Short periods of structured time devoted to a task (3-5 minutes _ followed by an equal amount of free play. At the end of each hour is a 10 minute break. Free play and breaks are used for incidental teaching or practicing skills in new settings. Therapists get on the floor with the child and interact and play, these interactions promote the child’s growth by following his lead, persistently engaging his attention, and tuning in to his interests and desires in interactions. The therapy environment is created with clear, concrete, visual schedules, routines, and organizational strategies.

Loaves intervention is usually 35 to 40 hours per week. In a school setting, support would necessitate a 1:1 aide. Ongoing research has indicated behavioral treatment is an effective intervention for children even in later years. While the intervention retains many of the characteristics applied to young children, some modifications are appropriate for older, school-aged children. For example, collaboration with educators and other professionals at school and in the community continues to increase. Treatment may include time for community outings so that skills can be taught or generalized in the setting in which they are meant to be used.

Structured time may be increased to thirty-minute periods, similar to the amount of ark time required at school. Treatment gains are often generalized to school through the use of a trained 1:1 aide, and the treatment itself may even be carried out at the school itself. Goals for older children often revolve around improving their quality of life. Important skills include: self help, independent leisure time, functional communication, inclusion at school, participation in family life, community skills, and peer interactions.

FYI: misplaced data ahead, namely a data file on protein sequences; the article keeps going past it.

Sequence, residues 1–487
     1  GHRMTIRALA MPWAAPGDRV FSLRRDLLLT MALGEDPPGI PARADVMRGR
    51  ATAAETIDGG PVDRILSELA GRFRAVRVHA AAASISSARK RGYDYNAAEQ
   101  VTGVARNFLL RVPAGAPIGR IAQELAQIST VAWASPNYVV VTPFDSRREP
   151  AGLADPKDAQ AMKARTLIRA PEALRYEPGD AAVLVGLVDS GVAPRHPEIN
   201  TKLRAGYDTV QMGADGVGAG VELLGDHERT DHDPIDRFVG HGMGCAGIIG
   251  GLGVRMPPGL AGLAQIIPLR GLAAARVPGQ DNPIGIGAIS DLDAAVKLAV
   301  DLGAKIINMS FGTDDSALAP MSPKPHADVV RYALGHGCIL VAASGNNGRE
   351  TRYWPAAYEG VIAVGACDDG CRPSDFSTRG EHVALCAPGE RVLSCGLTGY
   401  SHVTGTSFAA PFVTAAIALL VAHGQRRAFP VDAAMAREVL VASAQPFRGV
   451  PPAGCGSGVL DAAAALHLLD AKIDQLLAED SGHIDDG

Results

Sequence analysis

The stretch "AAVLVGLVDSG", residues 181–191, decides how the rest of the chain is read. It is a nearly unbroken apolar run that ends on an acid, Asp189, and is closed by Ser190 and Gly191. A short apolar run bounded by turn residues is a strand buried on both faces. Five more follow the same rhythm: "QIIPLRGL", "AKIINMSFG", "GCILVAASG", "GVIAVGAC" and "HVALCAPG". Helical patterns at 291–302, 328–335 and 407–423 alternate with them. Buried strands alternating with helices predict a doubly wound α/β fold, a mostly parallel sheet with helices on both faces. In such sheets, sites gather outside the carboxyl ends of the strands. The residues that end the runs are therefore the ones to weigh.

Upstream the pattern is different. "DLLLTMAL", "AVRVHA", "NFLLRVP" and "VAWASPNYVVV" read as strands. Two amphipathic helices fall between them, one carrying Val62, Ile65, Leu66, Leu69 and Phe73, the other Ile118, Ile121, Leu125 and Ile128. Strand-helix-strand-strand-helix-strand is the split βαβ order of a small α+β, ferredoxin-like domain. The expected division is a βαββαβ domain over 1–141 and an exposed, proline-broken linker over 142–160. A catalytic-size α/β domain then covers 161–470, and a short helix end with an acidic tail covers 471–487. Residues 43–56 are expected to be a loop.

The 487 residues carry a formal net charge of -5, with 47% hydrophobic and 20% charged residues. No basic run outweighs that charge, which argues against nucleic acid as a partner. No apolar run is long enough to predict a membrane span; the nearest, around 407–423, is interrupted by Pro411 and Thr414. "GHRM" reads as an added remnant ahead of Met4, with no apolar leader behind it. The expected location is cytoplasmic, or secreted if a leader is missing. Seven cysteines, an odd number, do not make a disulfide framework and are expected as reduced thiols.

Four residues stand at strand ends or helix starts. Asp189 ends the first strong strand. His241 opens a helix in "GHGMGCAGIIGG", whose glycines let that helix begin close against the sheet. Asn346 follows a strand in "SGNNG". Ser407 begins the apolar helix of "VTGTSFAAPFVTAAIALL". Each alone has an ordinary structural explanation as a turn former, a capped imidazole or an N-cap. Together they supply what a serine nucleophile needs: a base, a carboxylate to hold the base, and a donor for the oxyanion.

Over 500 articles have been published showing the the effectiveness of the method appear to arise around specific claims of recovery from autism, based on the intervention. The Lavas technique was developed based on research performed by IVR Lavas and his assistants. This research reported that 47% of those children who had received the Lavas treatment protocol of an average of 40 hours of intensive therapy, were mainstreamed into regular classrooms, and were classified as “indistinguishable” from their peers in follow-up studies.

Although subsequent studies have shown that intensive behavioral therapy clearly benefited children with autism, it has been claimed that Lava’s original claims of effectiveness were overstated. A 2005 California study found that early intensive behavioral intervention (BIB), the Lavas technique used for very young children, was substantially more effective for preschool children with autism than the mixture of methods provided in many programs. However, this study did not use random assignment or a uniform assessment protocol, and provided limited information about the intervention, making it difficult to replicate.